Research Paper Title
U.S. Army Physical Demands Study: Differences in Physical Fitness and Occupational Task Performance Between Trainees and Active Duty Soldiers.
U.S. Army initial entry training (IET) is designed to prepare trainees for the military environment and subsequent training, including specific programmes to increase physical fitness to perform job-specific tasks to the minimal acceptable performance standard (MAPS).
The aim of this study was to compare physical fitness and occupational task performance of trainees at the end of IET to that of active duty soldiers.
One hundred seventy-nine male combat arms trainees at the end of IET and 337 male combat arms active duty soldiers performed a sandbag carry (SBC), casualty drag (CD), and move under direct fire (MUF).
Physical fitness was assessed using Army Physical Fitness Test scores.
A questionnaire was administered to determine frequency of task performance.
Active duty soldiers compared with trainees were older (p < 0.01) and performed more push-ups (p < 0.01) and sit-ups (p < 0.01).
Trainees performed the 2-mile run faster (p < 0.01).
Ninety-four percent of trainees and 99% of active duty soldiers performed the 3 tasks to the MAPSs.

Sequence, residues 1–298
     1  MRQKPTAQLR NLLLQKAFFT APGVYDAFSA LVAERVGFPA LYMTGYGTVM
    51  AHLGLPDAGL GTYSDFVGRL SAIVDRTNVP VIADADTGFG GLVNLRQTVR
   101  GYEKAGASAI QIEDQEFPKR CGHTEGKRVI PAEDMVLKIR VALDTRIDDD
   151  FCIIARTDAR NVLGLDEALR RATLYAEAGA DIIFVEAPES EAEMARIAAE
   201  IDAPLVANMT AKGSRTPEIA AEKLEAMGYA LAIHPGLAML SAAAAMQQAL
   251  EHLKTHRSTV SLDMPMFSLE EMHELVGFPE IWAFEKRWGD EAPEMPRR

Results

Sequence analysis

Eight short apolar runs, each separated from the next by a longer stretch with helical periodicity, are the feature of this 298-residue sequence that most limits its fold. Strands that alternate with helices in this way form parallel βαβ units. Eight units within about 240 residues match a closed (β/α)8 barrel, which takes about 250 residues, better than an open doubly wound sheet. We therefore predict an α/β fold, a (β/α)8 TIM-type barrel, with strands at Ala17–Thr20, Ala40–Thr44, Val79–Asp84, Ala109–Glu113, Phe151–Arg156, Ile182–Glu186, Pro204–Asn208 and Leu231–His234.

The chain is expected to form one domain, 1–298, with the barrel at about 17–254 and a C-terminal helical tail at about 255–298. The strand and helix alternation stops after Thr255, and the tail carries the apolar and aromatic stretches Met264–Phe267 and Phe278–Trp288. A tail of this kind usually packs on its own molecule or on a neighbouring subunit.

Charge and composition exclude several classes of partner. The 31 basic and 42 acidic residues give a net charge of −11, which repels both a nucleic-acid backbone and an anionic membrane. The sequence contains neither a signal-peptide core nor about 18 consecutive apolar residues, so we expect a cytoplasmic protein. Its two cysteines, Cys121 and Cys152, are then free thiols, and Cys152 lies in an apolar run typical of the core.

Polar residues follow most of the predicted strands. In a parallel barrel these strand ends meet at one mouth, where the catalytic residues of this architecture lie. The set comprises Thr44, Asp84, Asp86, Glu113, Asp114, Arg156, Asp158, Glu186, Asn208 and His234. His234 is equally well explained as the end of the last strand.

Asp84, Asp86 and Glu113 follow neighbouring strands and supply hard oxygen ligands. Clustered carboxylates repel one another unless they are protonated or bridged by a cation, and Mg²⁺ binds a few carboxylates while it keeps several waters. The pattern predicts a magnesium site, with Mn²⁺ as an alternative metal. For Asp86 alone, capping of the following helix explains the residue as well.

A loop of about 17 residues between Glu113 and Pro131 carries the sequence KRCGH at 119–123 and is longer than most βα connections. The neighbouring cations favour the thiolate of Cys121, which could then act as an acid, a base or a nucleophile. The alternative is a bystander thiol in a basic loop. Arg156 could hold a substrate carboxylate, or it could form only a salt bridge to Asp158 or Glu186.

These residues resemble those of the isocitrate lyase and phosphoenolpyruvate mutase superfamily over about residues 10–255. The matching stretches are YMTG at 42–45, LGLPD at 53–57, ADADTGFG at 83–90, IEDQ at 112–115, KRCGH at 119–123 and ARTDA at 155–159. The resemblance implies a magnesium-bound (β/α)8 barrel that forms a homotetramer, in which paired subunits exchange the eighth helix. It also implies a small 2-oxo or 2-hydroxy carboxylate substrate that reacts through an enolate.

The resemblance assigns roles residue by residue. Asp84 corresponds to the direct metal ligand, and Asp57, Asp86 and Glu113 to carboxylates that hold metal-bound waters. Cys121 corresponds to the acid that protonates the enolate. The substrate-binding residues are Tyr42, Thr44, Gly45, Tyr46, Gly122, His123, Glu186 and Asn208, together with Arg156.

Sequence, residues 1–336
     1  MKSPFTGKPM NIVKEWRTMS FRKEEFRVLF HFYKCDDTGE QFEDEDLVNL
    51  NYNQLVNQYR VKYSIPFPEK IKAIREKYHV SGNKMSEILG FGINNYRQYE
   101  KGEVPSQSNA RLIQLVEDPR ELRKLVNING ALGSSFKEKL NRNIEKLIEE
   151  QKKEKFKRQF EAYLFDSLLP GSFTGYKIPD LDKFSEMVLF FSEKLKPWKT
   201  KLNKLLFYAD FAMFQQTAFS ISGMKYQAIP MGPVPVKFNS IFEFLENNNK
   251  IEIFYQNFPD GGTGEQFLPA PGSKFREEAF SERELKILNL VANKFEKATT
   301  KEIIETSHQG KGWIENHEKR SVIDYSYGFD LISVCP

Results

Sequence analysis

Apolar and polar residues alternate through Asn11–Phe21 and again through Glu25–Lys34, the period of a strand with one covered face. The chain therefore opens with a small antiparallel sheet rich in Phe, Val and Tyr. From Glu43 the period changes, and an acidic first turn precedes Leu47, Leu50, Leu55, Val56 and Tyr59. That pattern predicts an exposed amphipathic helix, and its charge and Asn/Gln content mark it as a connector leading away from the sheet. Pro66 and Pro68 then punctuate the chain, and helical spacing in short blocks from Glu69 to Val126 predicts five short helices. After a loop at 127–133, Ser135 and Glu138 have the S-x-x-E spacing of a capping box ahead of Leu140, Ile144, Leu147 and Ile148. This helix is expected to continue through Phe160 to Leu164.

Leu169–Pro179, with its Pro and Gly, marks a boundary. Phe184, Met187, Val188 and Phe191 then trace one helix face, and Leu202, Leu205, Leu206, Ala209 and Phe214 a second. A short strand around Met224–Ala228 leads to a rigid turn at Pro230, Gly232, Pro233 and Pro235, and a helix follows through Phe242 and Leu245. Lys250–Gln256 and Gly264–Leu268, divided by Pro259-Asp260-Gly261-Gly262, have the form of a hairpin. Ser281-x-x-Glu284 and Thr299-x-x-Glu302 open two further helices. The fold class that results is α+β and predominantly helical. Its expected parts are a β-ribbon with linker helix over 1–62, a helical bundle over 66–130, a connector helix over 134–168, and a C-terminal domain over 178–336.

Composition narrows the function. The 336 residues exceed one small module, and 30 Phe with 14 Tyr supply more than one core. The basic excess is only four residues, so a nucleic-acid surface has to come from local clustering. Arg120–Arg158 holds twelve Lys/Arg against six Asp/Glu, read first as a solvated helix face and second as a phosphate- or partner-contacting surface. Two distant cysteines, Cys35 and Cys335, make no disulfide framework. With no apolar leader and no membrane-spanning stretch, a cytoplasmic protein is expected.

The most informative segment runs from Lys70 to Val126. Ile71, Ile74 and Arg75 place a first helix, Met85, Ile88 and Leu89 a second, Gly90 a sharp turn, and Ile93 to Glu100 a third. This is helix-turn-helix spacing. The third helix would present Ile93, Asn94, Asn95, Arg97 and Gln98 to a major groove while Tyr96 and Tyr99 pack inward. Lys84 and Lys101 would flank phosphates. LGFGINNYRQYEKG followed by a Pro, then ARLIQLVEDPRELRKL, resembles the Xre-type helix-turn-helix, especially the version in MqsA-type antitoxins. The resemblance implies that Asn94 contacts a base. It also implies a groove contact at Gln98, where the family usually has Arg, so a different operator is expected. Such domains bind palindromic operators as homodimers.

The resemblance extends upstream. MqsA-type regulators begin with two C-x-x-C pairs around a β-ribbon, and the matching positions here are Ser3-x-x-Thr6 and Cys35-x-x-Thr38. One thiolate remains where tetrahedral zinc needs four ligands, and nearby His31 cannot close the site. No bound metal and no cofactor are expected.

Active duty soldiers performed significantly faster on both the SBC (p < 0.01) and CD (p < 0.01) and reported a higher task frequency on the SBC (p = 0.03) and CD (p < 0.01).
No difference in MUF performance (p = 0.16) and task frequency (p = 0.13) was detected.
Initial entry training seems to provide sufficient physical training as most trainees were able to meet the MAPSs; however, performance differences were still apparent between trainees and active duty soldiers.
Additional practice performing the physically demanding tasks may help maximise performance on the physically demanding job requirements.
Canino, M.C., Foulis, S.A., Zambraski, E.J., Cohen, B.S., Redmond, J.E., Hauret, K.G., Frykman, P.N. & Sharp, M.A. (2018) U.S. Army Physical Demands Study: Differences in Physical Fitness and Occupational Task Performance Between Trainees and Active Duty Soldiers. Journal of Strength and Conditioning Research. doi: 10.1519/JSC.0000000000002681. [Epub ahead of print].
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